Presentation is loading. Please wait.

Presentation is loading. Please wait.

VAT & Cultural Services, & VAT & Fundraising Bill Lewis 8 November 2012.

Similar presentations

Presentation on theme: "VAT & Cultural Services, & VAT & Fundraising Bill Lewis 8 November 2012."— Presentation transcript:

1 VAT & Cultural Services, & VAT & Fundraising Bill Lewis 8 November 2012

2 VAT & Cultural Services Admission charges by a public body or an “eligible body” to:  A museum, gallery, art exhibition or zoo, or  A theatrical, musical, or choreographic performance of a cultural nature Are exempt from VAT

3 What is a public body?  Local authorities, government departments, and certain non-departmental public bodies listed in the Cabinet Office publication “Public Bodies”.  But – VAT exemption does not apply if the public body will distort competition to the disadvantage of a commercial provider, or enters into a joint venture with a commercial provider.

4 What is an eligible body?  Precluded from and does not distribute profits  Applies profits from admission charges to continuance and improvement of facilities for the paying public  Is managed and administered on a voluntary basis

5 HMRC Historic View  If there were paid managerial and administrative staff then an organisation was not run voluntarily..

6 HMRC Revised View:  But HMRC lost this argument in a case against London zoo which determined that “managed and administered on a voluntary basis” meant those who ran the organisation at the highest level, particularly re policy and financial matters Provided trustees/management committee are unpaid then the organisation is run voluntarily.

7  This means that persons who participate in the highest management and administration must not have a direct financial interest in the results of the organisation – whether by remuneration, salary, or any other financial interest.  So if there is a paid trustee or paid member of the senior management team the exemption does not apply.

8 Bournemouth Symphony Orchestra Case  But, this case showed that for a person to have a direct financial interest in an organisation they need to be paid above the market rate, or paid a profit related bonus for their work in the direction of the cultural body’s activities

9 To VAT Exempt or Not VAT exempt?  Charitable cultural service providers can choose to be VAT exempt or not.  VAT exemption can be broken by having a paid trustee – e.g. Artistic director who receives a profit related bonus  Whether to break the exemption depends on income levels and costs. E.g. Might be worthwhile if there are major capital works and you want to recover VAT.

10 Other considerations  VAT exemption only applies to entry fees. Other activity still subject to VAT – e.g.  Fees paid for when you tour productions.  Tickets you sell as agents for others productions

11 VAT Incurred on Costs  VAT exemption restricts your ability to recover VAT incurred on your costs. If you have other VAT taxable income you can partially recover VAT incurred on your costs. HMRC will argue that VAT ticket sales means that VAT incurred on the cost of productions cannot be recovered. NB Mayflower Theatre case.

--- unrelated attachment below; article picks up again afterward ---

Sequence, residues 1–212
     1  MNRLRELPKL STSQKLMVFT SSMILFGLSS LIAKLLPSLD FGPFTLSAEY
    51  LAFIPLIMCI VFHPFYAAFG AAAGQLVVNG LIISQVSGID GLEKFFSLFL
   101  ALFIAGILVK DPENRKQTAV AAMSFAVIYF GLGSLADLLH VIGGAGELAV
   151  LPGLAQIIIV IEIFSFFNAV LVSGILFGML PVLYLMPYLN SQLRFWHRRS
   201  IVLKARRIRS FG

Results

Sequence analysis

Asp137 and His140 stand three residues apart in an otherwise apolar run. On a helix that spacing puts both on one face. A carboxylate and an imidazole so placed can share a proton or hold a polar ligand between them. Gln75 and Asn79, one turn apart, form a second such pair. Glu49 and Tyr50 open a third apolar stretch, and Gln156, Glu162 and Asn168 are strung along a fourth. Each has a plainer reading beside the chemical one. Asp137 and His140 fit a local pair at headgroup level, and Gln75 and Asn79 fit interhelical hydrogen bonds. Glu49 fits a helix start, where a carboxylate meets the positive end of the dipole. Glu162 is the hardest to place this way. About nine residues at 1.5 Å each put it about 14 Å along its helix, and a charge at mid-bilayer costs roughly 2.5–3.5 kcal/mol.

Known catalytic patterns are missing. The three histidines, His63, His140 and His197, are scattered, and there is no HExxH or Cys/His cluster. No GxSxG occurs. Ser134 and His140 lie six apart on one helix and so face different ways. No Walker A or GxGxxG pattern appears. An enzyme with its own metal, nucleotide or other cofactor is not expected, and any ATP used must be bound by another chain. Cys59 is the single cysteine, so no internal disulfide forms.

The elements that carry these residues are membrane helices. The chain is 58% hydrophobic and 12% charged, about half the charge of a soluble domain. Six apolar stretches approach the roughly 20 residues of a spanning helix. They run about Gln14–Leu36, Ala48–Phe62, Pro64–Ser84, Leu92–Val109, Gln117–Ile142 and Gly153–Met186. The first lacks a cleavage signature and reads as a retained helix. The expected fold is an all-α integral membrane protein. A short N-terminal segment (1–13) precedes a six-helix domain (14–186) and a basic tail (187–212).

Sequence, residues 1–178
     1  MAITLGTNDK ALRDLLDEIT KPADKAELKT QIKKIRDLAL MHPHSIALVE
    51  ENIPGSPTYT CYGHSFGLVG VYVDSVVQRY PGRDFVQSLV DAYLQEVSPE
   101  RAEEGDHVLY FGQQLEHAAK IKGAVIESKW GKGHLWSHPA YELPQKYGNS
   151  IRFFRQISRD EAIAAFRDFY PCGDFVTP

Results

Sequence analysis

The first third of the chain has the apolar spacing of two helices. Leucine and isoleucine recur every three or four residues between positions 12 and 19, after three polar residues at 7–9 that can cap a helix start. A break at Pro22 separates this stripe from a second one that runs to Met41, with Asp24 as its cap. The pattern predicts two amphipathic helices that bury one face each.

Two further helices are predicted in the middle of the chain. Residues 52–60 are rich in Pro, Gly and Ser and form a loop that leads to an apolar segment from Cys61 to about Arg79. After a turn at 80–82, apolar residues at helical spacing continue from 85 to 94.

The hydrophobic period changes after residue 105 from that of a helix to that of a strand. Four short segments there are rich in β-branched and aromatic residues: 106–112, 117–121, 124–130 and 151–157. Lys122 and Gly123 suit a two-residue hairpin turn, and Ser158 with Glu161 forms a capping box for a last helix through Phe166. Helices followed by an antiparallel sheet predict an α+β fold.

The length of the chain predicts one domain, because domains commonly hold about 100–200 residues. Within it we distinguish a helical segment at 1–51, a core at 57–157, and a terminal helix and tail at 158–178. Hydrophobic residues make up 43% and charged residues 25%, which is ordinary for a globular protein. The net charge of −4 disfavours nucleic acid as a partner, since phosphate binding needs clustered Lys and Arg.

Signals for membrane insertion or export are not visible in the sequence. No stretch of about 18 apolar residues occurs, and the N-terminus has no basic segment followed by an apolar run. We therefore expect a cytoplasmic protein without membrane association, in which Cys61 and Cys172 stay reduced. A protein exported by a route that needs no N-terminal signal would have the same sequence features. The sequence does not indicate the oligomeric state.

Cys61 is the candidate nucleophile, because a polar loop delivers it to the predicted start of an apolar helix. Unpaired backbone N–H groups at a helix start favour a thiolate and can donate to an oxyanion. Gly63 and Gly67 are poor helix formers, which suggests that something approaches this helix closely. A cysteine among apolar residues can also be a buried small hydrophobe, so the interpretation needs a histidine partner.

12 Tax, VAT & Corporate Sponsors  Pure donations are outside the scope of VAT and not subject to tax in the hands of the charity – but how often is a payment from a corporate supporter a pure donation?

13 Tax, VAT & Corporate Sponsors For example corporate might want:  Website links  Display of logo and Corporate Colours  Descriptions/endorsements of its products and services  Use of charity’s mailing list  Right to sell goods on the charity’s premises/website

14 Tax, VAT & Corporate Sponsors Other examples of what a corporate might want:  Volunteering experiences for staff  Staff training Can you think of other examples?

15 Tax, VAT & Corporate Sponsors Providing such benefits to corporate supporters in return for their support will mean that their donations are treated as fees subject to tax and VAT.

16 What to do?  Split payment between donation to charity and fee subject to VAT to trading company. Fee is commercial value of sponsorship.  Or fee of 10% of sponsorship is usually safe if no known commercial value.  Smaller fee if sponsorship huge but benefit to sponsor small.  Bigger fee if benefits huge

17 Know Your Corporate  Bear in mind that most corporate supporters can recover any VAT you charge them, but those whose services are VAT exempt cannot – in particular banks and insurers. Charging VAT hurts them  On a practical level many CSR employees of big companies see VAT as an extra cost when in most cases the company can recover it. Have them talk to their Finance people.

18 Examples to discuss  Soft drink company’s support of a childrens charity in return for various benefits.  Name and logo of corporate appearing in annual report of charity and nothing else  Website links between charity and corporate and nothing else

19 How can I have my cake and eat it? Alternative solution. Corporate makes a pure and unconditional donation to the charity, which without any obligation to do so gives publicity etc to the corporate. Nothing in the grant agreement or correspondence or emails between charity and corporate indicates that publicity must be given. Payment remains a tax and VAT free donation. BE VERY CAREFUL WITH THIS ROUTE.

20 Bill Lewis Tax Consultant Bates Wells & Braithwaite London LLP 2 – 6 Cannon Street London EC4M 6YH Tel: 020 7551 7777 E-mail:

Download ppt "VAT & Cultural Services, & VAT & Fundraising Bill Lewis 8 November 2012."

Similar presentations

Ads by Google